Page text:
murder - quotes and descriptions to inspire creative writing
Their bodies lay like ghoulish mannequins, the esophagus and arteries sticking out like so much corrugated and rubber tubing. It looked as if a special effects team had worked over time for some Friday the thirteenth movie set, but that smell... That smell could only come from recently slaughtered animals. In this case the animals were human and their corpses were still warm, the blood thickening but not yet dried on their waxy skin. Some cases took a while to decide if foul play was involved, but this was murder all the way.
The knife pierced the tattoo of his baby's name, and went right on through to bleed the heart that beat for his lover. It sliced the chest that had witnessed a million kisses and wrapped its protection around his son in their everlasting hugs. Yet none of that mattered to the knife or the killer, and his blood was as red as any other.
Once upon the shade in totality, I found it to be inclined to warmth now more than its outer coldness. Surprised but, nonetheless appreciative. The beating had reached its crescendo now. The viscous blood that must have been thickly wrapping itself around the many capillaries beneath me, providing the strange warmth. Perhaps mine own blood escaping my grazed knees may intermingle with it.
Even the passage of the light slowed and the sounds became as if underwater. Aside from the beat of my heart, no muscle would move. That pounding inside beat a rhythm to the words of her execution, the cold steel Anya's judge and jury. The bullet entered as if she was nothing, just meat, blood bones, blasting a cavity in her back as it burst crimson into the fading day. Her face, so beautiful in life was frozen, eyes open, mouth slack, as she was propelled backward. Her eyes held mine and in those fractions of seconds she was there and then gone, the warmth of the ages that had been her love simply vanished.
...the real Sam Green was at the bottom of the Hudson River with a knife in his back and a twenty pound block of concrete attached to his foot.
Her red-blond hair was stained and discolored when they found her in the sewer, and her lungs were choked with muck because her killer hadn't bothered to see whether she was really dead when he dumped her body into the manhole, so she had breathed the stuff in with her last gasping breaths. Her face was bruised, covered with great blotches, and three of her ribs had been broken. Her thighs and abdomen had been bruised and lacerated.
Fire doesn't care if it burns wood, pig fat or the flesh from your body. Like this knife it has no preference at all. In all this world it is as blind as you will be just an hour from now, when your atoms are just atoms. Every part of your body is no more than a borrowed element forged in a star, and it's time for you to glow hot again – light up the night with the fat under your pampered skin. Burning can be fast or slow, I'm thinking slow, from your toes. In a house fire the smoke puts you out first, it's a kindness I suppose. I'm not kind. You thought you could reform me, but you see Dr Riley, it is I that will reform you. Perhaps remodel is a better term, or release. I'll give you a few moments to talk me out if it, if you can make yourself understood through the kerosene gag.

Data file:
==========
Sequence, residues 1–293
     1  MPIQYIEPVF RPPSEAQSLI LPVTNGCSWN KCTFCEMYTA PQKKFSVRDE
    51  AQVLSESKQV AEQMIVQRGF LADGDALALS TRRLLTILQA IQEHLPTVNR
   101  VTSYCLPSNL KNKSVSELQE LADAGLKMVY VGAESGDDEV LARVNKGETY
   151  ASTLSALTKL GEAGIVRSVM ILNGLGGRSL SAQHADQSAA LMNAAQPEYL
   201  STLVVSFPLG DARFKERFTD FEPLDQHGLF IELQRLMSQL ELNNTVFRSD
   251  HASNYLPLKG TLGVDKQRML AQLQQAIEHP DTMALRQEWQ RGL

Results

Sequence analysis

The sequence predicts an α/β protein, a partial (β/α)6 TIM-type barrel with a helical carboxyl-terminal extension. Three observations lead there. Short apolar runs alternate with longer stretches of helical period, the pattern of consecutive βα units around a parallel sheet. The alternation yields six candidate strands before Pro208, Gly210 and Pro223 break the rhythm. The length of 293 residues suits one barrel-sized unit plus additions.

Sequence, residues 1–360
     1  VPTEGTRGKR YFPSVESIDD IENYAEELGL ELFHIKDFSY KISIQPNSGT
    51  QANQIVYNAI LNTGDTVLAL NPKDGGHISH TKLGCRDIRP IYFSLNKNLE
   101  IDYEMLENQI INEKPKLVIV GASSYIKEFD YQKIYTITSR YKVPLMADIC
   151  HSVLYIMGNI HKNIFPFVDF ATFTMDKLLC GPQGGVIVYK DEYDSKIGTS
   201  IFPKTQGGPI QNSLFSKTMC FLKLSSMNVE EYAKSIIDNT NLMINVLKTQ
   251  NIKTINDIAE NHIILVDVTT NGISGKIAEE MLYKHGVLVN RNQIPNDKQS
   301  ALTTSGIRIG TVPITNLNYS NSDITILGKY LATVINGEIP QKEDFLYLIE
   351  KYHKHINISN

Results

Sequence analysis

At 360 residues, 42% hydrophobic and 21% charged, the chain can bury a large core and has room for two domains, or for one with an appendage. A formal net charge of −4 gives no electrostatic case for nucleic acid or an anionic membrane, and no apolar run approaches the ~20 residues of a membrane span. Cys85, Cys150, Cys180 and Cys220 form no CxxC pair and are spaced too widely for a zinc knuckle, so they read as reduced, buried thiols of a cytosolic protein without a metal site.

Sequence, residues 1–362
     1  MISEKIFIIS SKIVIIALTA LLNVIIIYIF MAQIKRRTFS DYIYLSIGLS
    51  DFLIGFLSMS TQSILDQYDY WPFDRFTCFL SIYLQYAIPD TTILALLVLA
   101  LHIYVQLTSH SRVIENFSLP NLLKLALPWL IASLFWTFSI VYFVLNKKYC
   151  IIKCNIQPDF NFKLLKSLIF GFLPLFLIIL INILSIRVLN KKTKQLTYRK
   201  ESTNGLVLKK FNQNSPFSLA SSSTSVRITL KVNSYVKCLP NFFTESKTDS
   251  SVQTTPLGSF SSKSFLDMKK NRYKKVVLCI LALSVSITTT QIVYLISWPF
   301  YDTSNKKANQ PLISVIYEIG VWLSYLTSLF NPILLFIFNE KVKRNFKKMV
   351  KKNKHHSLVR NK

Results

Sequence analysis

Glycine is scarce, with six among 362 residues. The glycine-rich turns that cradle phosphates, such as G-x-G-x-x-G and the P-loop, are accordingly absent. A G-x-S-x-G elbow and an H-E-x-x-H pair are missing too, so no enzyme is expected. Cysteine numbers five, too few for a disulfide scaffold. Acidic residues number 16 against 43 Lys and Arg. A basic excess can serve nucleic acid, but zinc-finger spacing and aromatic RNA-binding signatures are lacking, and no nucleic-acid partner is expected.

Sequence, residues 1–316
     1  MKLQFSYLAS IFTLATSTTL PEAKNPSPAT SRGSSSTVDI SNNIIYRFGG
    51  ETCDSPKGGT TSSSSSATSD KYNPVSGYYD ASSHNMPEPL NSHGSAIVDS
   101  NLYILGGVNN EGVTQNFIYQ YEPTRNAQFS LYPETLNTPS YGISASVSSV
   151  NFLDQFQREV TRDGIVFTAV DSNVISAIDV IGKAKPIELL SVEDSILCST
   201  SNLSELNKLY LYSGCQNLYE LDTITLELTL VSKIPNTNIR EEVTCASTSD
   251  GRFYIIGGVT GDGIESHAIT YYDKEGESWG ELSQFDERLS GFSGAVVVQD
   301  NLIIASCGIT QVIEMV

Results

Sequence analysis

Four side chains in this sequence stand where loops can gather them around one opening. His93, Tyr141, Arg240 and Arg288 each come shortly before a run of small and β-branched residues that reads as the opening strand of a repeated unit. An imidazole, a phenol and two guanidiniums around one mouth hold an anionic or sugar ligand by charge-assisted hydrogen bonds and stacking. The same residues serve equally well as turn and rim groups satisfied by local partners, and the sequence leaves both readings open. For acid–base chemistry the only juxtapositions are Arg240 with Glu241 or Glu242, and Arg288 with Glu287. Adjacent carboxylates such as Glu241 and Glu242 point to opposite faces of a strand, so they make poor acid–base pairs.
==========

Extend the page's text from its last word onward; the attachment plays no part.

In his weather beaten skin was a fine meshwork of red threads. From the depth of his wrinkles Mac put him in his eighties. Even without a blood flow to back it up the skin was tanned. There was fresh dirt under his nails; dark like peat or compost from a gardening centre - certainly not the pale clay around this old junkyard. Presumably he still had been living in a home with a backyard, but it was quite possible he was gardening at an assisted living complex or nursing home. There was dirt on the knees of his pale corduroy slacks, but this was the pale sandy sort from this yard. If he had been wearing a jacket it was gone, in the newly bracing air of fall Mac expected one, it was something else to enquire about. Lying sprawled on his back with the entry wound at his temple no-one could mistake this gent for someone sleeping or a natural death. So many unanswered questions. For now it was a new homicide, an isolated case, but as ever he would be looking for ties to Gregor.
Their throats had been cut and they lay like butchered animals in a waste of blood...One corpse had slipped from the low single bed to the right of the door and lay staring up at her, the mouth open, the head almost cleft from the body. She saw again the severed vessels, sticking like corrugated pipes through the clotted blood. The second was propped, ungainly as a rag doll, against the far wall. His head had drooped forward and over his chest a great mat of blood had spread like a bib.
Now we aren’t talking about Kitty. Now it’s you. I know where you are right now, you know I do and I’ve been paid a dollar to kill you with some cheese wire. A dollar? How silly, not enough money, right? That’s what I said too. I said I wouldn’t consider it for less than ten million. Then I’ll get my cat suit on, pick up a pistol and climb in your window tonight. Just kidding! I could be offered any amount of power or money and you (and Kitty) would be perfectly safe, so stop fading away already, I already told you I don’t like it when you go so transparent. Have some backbone! Plus I said I like you, will you try to remember what I said?